Mortgage holders set for gradual rate rises

Mortgage borrowers can take comfort from the fact that the Bank of England has stated further rate rises are likely to be small and gradual as they p

Mortgage borrowers can take comfort from the fact that the Bank of England has stated further rate rises are likely to be small and gradual as they plan for the future.

At noon today (2 November), the Bank of England’s Monetary Policy Committee (MPC) raised rates by a quarter of a percentage point from 0.25 per cent to 0.5 per cent – the first increase in a decade.

Lenders have already begun raising their interest rates to reflect the higher cost of borrowing – a trend that began at the end of September.

But with the MPC stating that “any future increases in Bank Rate would be expected to be at a gradual pace and to a limited extent”, borrowers will not be expecting further significant hikes. 

David Hollingworth, associate director, communications at mortgage broker London and Country, said: “From a borrower’s point of view, they can take some comfort at least that further rate rises are likely to be gradual rather than to be signalling that rates are going to rocket. 

“Because wage growth has been so slow those borrowers that have been affected will feel that on top of what they are feeling in terms of higher inflation on food and fuel. 

“There is plenty of uncertainty over Brexit negotiations and what the outcome may be. The perception might be that rates go up so people hold off from making big purchase decisions – and moving house is the biggest you can make.

“Remortgage activity will spike. We are definitely seeing that shift to five-year over two-year continue. Borrowers are thinking further ahead and locking in for longer.”

A gradual rise in rates means borrowers locking in for five years will not face a sudden jump in repayments at the end of their term.

Mr Hollingworth said: “We have got to caveat that with ‘who knows?’, but what it does do is give them a solid foundation for planning when they come out of that fix – whether that is overpaying or getting their finances ship shape so they are in a better position to deal with whatever the market looks like in five years.”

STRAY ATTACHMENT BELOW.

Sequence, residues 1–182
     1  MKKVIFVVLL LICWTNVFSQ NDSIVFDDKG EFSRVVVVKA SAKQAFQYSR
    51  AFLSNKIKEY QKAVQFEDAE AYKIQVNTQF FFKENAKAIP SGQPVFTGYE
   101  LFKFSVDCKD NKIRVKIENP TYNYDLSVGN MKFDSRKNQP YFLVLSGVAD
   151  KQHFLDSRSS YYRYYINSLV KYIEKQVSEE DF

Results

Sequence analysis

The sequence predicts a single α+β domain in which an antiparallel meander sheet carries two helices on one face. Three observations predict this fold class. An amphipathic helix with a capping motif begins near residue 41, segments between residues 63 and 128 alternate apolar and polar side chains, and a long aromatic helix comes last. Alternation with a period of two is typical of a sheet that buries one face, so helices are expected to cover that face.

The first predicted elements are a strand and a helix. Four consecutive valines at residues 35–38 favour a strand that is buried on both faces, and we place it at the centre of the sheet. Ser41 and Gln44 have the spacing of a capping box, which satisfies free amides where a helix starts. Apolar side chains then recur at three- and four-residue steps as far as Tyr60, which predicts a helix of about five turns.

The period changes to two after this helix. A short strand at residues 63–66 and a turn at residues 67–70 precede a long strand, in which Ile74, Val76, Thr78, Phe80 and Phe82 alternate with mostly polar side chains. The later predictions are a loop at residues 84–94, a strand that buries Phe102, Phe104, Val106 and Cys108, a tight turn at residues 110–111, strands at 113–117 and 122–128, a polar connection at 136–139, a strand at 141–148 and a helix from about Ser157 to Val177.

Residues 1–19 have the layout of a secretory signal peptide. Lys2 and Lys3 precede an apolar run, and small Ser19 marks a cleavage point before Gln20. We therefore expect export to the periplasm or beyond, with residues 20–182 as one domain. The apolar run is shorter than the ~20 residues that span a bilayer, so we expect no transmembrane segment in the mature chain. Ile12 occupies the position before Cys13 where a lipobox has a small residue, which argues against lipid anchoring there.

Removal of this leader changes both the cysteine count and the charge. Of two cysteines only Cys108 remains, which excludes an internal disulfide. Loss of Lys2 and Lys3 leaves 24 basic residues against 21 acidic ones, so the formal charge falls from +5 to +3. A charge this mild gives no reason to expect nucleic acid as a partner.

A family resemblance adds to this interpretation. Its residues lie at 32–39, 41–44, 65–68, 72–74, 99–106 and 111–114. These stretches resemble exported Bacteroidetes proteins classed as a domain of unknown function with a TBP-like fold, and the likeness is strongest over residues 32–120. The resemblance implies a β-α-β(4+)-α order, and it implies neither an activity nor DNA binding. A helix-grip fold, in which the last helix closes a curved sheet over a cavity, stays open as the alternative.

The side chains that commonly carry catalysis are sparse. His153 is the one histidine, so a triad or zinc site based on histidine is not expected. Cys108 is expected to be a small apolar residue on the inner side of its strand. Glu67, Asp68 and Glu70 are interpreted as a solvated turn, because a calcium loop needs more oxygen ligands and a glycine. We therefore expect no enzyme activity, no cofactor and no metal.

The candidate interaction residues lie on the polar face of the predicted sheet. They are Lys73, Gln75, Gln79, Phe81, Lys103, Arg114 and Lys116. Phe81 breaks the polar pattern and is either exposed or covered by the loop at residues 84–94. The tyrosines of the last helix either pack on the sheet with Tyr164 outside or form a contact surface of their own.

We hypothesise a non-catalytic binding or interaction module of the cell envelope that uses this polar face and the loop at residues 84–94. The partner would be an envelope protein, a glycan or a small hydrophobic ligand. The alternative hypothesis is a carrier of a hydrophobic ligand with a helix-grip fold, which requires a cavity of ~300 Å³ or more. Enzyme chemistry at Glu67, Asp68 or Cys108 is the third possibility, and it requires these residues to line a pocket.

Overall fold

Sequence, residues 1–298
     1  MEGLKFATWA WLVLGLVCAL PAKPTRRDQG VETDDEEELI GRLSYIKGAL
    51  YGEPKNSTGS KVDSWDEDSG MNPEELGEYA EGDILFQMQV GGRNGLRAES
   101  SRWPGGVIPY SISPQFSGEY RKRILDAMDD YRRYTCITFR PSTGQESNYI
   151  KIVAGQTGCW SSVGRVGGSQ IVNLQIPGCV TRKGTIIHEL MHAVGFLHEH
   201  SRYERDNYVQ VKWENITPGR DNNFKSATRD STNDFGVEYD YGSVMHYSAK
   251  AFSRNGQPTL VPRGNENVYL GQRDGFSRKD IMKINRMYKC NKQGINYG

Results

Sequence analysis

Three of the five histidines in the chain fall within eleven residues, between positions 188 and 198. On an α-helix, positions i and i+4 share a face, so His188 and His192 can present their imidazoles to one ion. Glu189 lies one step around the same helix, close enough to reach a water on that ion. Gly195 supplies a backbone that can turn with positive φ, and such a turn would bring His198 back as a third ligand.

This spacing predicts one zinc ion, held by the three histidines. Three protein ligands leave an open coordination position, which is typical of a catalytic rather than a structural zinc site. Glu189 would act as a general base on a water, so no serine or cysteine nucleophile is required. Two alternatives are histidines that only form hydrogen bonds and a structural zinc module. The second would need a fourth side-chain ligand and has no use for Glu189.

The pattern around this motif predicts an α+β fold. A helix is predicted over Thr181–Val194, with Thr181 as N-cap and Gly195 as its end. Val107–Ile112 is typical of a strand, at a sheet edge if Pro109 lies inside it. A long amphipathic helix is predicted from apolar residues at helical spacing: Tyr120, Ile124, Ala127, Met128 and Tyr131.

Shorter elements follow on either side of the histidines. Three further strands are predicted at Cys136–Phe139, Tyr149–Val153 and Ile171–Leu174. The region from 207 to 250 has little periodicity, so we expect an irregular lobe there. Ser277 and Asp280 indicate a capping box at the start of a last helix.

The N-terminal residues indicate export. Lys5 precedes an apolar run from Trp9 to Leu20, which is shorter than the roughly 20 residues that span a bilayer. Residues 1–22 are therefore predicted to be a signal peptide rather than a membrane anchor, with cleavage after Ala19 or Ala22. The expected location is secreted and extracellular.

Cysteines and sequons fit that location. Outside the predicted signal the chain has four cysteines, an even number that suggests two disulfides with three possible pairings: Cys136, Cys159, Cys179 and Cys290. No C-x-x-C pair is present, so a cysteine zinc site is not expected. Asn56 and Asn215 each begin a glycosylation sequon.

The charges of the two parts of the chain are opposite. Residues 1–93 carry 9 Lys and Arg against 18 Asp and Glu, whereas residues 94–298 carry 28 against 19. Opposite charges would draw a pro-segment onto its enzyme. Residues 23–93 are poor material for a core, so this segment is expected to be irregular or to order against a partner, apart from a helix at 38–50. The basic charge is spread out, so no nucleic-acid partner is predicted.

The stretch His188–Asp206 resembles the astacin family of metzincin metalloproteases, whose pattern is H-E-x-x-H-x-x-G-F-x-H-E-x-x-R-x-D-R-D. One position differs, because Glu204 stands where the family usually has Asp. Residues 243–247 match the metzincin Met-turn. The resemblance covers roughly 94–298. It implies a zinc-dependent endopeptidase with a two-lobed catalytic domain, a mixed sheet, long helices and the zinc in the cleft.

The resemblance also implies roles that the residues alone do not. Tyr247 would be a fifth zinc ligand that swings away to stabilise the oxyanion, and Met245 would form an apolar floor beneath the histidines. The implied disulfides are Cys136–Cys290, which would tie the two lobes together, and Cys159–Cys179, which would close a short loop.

TSB reacted to the MPC’s decision by reversing the 0.25 per cent cut made to its mortgage range over the summer, pegging rates back to where they were prior to the base rate cut in August 2016.

Accord Mortgages – the intermediary arm of the Yorkshire Building Society (YBS) – dropped its standard variable rate (SVR) by 0.35 percentage points to 4.99 per cent, aligning it with the rest of the YBS group. 

Concerns had been expressed that SVR borrowers would feel a significant impact as a result of the rate increase.

Meanwhile, Coventry for intermediaries said it will apply the 0.25 per cent Bank of England base rate increase to applicable variable rate mortgage accounts from 1 December.

June Deasy, head of mortgage policy at UK Finance, said: “The majority of borrowers will be protected from any immediate effects of today’s small increase because they have a fixed rate mortgage.

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